Wells Fargo hits two milestones on road to fix corporate governance

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Wells Fargo's efforts to prove that it is fixing its highly scrutinized corporate governance shortcomings returned to the spotlight Thursday.

The embattled bank received some good news when its outside auditor gave it a thumbs-up regarding its financial reporting. Meanwhile, it announced that four senior board members who have repeatedly borne the brunt of outside critics will step down at the annual meeting this spring.

In a filing with the Securities and Exchange Commission, the accounting firm KPMG stated that the San Francisco bank maintained effective control over its financial reporting as of the end of 2017.

The typically routine annual audit drew more attention this year because of the Federal Reserve Board’s recent decision to restrict Wells Fargo’s growth until it improves its governance and controls.

Under the Fed’s Feb. 2 order, Wells will be required to maintain its current asset size of $2 trillion until at least the fourth quarter of this year. The order, which followed a slew of revelations about the bank’s mistreatment of consumers and pressure applied to employees to meet corporate goals, also requires Wells Fargo to adopt an improved, companywide risk management program.

KPMG has been Wells Fargo’s auditor for decades. Sen. Elizabeth Warren, D-Mass., has questioned why the accounting firm failed to head off a scandal in which as many as 3.5 million accounts were opened at Wells Fargo without the customers’ permission.

KPMG’s favorable verdict on Thursday did not surprise Jeff Johanns, a lecturer in accounting at the McCombs School of Business at the University of Texas. It is rare for an outside auditor to conclude that a public company has a material weakness in its controls, in the absence of an error in its accounting statements, according to Johanns.

“We’re not talking about objective internal controls,” he said. “We’re talking about the subjective tone of the board and management.”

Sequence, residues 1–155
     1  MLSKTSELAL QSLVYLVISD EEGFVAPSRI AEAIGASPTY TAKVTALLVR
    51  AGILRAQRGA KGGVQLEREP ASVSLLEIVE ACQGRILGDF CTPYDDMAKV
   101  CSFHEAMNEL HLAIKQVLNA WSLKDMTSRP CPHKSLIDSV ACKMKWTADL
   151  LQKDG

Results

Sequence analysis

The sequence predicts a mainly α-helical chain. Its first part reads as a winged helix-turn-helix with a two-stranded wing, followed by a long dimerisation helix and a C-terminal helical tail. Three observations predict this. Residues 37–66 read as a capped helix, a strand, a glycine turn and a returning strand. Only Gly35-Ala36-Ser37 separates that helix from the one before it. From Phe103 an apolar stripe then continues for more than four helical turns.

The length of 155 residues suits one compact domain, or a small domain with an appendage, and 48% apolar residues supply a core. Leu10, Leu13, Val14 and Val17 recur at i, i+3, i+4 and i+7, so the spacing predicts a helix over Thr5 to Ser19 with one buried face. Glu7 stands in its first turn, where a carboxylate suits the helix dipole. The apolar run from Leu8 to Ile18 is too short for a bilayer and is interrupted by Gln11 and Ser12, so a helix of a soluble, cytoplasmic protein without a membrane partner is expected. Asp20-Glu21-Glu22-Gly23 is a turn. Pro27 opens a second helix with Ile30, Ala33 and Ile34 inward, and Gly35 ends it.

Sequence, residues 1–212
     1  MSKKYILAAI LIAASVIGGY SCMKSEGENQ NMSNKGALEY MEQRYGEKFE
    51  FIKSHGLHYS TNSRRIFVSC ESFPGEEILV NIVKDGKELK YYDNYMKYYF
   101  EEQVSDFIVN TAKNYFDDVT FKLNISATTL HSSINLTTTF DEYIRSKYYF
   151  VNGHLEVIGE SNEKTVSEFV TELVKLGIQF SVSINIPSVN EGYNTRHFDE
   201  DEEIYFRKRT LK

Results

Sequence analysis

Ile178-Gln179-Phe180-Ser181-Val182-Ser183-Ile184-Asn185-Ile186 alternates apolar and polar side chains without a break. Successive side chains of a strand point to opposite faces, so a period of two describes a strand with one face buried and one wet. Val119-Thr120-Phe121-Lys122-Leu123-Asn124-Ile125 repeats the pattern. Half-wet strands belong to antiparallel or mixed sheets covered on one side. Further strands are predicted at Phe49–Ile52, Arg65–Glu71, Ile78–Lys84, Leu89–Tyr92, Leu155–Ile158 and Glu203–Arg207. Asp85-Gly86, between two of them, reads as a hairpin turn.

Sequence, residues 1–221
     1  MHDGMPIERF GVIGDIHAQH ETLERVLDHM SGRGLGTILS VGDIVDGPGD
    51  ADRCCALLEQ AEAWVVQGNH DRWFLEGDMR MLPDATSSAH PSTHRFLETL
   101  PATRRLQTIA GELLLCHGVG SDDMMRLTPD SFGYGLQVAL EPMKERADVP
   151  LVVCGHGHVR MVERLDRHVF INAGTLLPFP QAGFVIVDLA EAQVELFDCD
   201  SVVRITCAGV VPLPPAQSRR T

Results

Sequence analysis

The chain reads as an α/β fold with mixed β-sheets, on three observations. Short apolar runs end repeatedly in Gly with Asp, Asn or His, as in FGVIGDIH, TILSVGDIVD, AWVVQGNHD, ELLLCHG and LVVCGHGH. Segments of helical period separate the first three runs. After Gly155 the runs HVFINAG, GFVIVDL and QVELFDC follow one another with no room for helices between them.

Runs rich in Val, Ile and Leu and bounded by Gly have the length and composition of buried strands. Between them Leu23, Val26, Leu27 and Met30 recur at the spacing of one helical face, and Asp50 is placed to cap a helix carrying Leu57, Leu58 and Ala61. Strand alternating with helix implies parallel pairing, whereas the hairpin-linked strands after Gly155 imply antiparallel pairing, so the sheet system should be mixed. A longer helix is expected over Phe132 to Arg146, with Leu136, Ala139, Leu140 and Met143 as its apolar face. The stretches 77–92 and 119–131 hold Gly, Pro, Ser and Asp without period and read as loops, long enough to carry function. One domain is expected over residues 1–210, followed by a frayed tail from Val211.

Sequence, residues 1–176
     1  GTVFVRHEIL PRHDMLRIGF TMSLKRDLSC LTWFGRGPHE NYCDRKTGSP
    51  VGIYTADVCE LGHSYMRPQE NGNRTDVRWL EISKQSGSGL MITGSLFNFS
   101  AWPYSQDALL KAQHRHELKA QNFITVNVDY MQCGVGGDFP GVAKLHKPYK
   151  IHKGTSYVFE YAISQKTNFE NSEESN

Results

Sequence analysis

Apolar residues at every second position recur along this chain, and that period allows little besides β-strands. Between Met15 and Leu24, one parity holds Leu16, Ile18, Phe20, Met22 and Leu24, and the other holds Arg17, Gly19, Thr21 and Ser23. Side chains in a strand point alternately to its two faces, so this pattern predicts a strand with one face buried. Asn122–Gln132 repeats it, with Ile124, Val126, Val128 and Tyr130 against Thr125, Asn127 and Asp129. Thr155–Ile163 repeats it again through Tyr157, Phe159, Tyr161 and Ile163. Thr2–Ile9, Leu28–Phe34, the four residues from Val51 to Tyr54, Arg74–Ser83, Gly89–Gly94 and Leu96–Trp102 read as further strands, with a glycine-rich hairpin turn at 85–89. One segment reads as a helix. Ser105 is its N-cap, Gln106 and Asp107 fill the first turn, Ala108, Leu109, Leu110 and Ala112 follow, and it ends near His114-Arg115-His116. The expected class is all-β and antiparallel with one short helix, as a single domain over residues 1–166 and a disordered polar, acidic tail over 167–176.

For its own part, Wells Fargo’s management also concluded in Thursday’s securities filing that its internal control over financial reporting was effective as of the end of last year.

Separately, Wells announced the names of the four directors — John Chen, Lloyd Dean, Enrique Hernandez and Federico Pena — who will leave the board this year.

The announcement followed the Fed's announcement last month, concurrent with its enforcement order, that Wells would replace four directors. The company did not name the four departing directors at the time.

In a press release Thursday announcing the departures, the board chair, Betsy Duke, thanked the directors for their service. The directors will officially step down at the company’s annual meeting on April 24. No replacements were named in the release.

“The leadership and insight that these directors brought to the board and its committees, including the board’s human resources, finance, risk and corporate responsibility committees are just some of the many ways they served our board with distinction over the years,” Duke said, noting that they are Wells’ longest-serving directors.

Notably, they are also among the directors who received the lowest levels of support at last year’s contentious annual meeting.

Hernandez, who has served on the board since 2003, barely won support from a majority of shareholders, with just 53% of the vote. Hernandez led the company’s risk committee during the phony-accounts scandal.

Pena, who chaired the corporate responsibility committee, won just 54%. He has served on the board since 2011.

Dean, meanwhile, won just 62%. He has served on the board since 2005. He was head of the human resources committee, making the target of investor ire given the complaints that many employees felt pressure to create phony accounts by bosses who were managing to metrics.

Chen won 70% of the vote. He has been a director since 2006.

In an article published Thursday, Wells Fargo CEO Tim Sloan expressed a desire to move beyond the scandals that have weighed on the company throughout his 17-month tenure.

“I don’t think we have a culture problem,” Sloan told Bloomberg Businessweek. “When you look at the mistakes we made, we had an incentive plan in our retail banking business that drove inappropriate behavior. That’s been changed.”

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